Climate Game Changer
A lot of people, including leaders from other countries, were anxiously waiting this week to see what decision President Obama would make about the environment — specifically about “carbon emissions”.
And it turns out he made a historic decision.
First, what’s a carbon emission?
Carbon emissions happen when coal is taken from the earth and is used to make electricity (and many steel products). That electricity powers homes, businesses, and industries.
In the process, though, it sends a by-product — carbon dioxide — into our air and pollutes it.
Coal is the nation’s largest source of greenhouse gas emissions , according to the United States Environmental Protection Agency (EPA) . Greenhouse gases trap heat in the atmosphere and make the planet warmer — global warming.
Power plants account for nearly 40% of carbon emissions in the U.S. — more than the emissions of every car, truck and plane in the U.S., combined , according to the Union for Concerned Scientists (UCS).
And there aren’t any rules at the moment to limit the carbon emissions, according to the UCS.
Coal, by the way, is a non-renewable source of energy. Once it’s gone, it’s gone for good. So even though there are huge amounts of it, it’s a good idea to have alternatives.
If coal is so bad, why are we still using it?
We’ve been using coal for a long time and the U.S. has enormous amounts of it. And it’s relatively inexpensive because of that. Efforts and advances have also been made to process coal more cleanly.
States with the most coal say their economy, businesses, and people’s jobs depend on it. Kentucky, for example, says about 95% of its state relies on coal, and that they’d be in deep trouble without it.
Others argue that while it may be inexpensive in the short run, the real price tag is too high in the long term — the cost to the environment, our lives, and the future of the planet. And that we’re already feeling it.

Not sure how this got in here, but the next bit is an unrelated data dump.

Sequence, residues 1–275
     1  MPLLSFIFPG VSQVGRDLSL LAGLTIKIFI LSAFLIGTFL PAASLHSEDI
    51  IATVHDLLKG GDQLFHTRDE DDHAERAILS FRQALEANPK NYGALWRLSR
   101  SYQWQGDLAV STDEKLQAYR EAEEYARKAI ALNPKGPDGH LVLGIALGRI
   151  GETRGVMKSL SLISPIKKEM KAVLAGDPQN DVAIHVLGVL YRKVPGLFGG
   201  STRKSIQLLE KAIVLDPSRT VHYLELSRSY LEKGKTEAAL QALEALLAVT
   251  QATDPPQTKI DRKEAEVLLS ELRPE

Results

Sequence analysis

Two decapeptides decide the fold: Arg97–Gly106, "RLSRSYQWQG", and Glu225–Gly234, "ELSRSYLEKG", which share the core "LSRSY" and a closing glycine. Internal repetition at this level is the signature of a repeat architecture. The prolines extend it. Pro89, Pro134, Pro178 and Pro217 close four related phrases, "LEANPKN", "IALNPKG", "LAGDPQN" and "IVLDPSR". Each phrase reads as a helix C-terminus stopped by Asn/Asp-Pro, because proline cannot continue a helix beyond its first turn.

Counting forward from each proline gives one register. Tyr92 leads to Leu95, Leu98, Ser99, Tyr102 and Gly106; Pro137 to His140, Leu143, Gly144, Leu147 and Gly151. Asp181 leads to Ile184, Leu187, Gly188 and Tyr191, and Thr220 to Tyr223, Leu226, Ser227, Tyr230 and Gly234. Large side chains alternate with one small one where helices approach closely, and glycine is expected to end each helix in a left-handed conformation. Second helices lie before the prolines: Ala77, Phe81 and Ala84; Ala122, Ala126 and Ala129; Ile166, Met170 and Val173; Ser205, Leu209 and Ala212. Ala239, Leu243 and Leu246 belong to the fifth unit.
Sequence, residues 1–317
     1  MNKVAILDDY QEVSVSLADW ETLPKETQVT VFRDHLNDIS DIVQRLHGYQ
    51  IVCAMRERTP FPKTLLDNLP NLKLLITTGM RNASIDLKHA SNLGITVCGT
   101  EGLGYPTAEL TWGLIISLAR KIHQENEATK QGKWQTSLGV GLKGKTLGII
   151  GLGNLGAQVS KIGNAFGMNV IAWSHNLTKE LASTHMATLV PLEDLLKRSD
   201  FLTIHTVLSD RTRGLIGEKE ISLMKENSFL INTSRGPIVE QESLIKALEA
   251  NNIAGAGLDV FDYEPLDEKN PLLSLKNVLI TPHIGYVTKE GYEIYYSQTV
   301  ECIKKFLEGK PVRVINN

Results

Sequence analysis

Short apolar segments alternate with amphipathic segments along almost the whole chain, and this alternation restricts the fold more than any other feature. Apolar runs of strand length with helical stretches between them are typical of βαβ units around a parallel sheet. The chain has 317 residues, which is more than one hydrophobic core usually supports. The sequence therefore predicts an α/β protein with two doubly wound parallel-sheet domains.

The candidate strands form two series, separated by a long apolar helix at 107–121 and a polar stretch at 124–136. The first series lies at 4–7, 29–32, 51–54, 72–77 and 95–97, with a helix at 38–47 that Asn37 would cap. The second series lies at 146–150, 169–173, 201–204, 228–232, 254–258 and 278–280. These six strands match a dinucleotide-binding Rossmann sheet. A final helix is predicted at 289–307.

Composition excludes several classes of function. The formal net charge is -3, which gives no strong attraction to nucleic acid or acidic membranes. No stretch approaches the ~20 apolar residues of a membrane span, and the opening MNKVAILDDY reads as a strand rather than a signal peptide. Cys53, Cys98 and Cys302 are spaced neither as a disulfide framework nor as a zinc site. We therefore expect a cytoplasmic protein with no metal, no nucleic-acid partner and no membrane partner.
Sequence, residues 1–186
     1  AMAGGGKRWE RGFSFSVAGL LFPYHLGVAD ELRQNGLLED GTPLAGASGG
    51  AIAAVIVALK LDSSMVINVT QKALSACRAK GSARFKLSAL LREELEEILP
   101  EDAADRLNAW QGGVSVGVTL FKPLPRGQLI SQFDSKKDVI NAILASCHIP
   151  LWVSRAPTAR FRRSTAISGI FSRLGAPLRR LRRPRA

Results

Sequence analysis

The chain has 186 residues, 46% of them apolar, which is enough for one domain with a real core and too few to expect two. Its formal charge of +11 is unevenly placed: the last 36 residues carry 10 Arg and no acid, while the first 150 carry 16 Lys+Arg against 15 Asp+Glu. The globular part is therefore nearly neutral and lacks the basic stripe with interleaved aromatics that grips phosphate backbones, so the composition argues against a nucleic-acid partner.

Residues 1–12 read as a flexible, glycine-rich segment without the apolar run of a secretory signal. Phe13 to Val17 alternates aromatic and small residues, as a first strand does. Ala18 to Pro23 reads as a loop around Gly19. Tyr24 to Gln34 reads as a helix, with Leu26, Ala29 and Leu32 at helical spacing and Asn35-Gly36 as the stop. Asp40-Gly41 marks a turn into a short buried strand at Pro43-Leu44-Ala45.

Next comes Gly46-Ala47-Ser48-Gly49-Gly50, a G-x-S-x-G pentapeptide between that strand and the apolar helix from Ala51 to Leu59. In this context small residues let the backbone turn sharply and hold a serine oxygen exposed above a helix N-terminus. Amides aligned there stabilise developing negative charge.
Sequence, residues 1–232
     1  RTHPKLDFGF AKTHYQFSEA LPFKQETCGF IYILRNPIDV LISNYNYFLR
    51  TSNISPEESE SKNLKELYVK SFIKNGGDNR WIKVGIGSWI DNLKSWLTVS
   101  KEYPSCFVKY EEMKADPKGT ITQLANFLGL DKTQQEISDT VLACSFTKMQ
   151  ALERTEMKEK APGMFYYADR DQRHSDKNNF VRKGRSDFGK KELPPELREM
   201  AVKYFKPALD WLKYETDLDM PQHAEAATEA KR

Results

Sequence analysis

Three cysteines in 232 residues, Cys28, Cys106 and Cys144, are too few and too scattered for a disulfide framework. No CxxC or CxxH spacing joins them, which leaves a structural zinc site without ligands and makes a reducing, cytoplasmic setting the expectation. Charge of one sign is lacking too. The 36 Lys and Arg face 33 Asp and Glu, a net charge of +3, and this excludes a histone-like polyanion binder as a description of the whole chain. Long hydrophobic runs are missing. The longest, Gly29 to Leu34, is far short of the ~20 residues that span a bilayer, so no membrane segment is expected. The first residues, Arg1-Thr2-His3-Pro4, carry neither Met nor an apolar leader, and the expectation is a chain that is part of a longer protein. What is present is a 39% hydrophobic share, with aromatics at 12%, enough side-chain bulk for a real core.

One of the nation’s leading environmentalists, Bill McKibben , says, “If it’s wrong the wreck the climate, it’s wrong to profit from that wreckage.”
Right now, between 40% – 50% of the U.S.’s electricity comes from coal, according to the EPA .
What are the options?
There are alternatives to coal.
There’s nuclear , which President Obama likes and is considered much cleaner. But radioactive waste is a by-product, which is contained during processing (unlike carbon), but there are still serious risks.
Other sources include wind and solar energy, both of which are being used, and are renewable , but have a ways to go before they can be used on a huge scale, be affordable, and be reliable (Cloudy day? No solar power).
About 12% of the U.S.’s energy currently comes from renewable resources.
Back to the President. What did he decide?
On the one hand, he says he’s passionate about the environment and takes climate change and global warming seriously — so much so that he made that part of his election campaign.
On the other hand, it’s also the president’s job to make sure the economy is strong and people can afford to live and have jobs. Those in favor of coal, including many Republicans , say that moving away from coal will make people lose jobs and make life too expensive, especially for business owners.
Others say that’s not true. Still others say that it’s not necessarily one or the other. But it is a big fight. And the President announced his decision without Congress’s backing , which ruffled some feathers.
So, what President Obama proposed is a regulation that would cut carbon emissions by 30% by the year 2030 (within 16 years, how old will you be then?).
Environmentalists applauded his announcement.
Will this be enough?
It’s huge and historic on the one hand, but will only make a little dent on the other. But it is one of the biggest steps by any U.S. president ever on climate change.
Part of the president’s plan that surprised many though is that he is largely leaving it up to individual states for how to achieve those reduced emissions standards . “I’ve never seen anything like this, where states get this much flexibility. It’s astounding,” said Dallas Burtraw, an expert on electricity markets with Resources for the Future, a Washington research group, reported in The New York Times .
Some states have already vowed to fight it or defy it. In Wyoming, even before the proposed regulation and where coal is big, they’re refusing to teach climate change in science class and coal’s role in it.
Marguerite Herman, a member of Wyoming for Science Education said in The New York Times , “We acknowledge and appreciate the revenue that has been raised and that runs this state from oil and gas extraction and from the coal mining, and it is a fact that our schools are well funded because of it. Nevertheless, it doesn’t change a scientific fact.”
While the powers that be sort it all out … one thing we can all do to help? Turn off the lights when we leave a room.
For more tips on the difference we can all make, click here for Kids Discover’s Inforgraphic on “10 Things Kids Can Do To Help The Earth.” (It’s great but you may need to the help of an adult with this).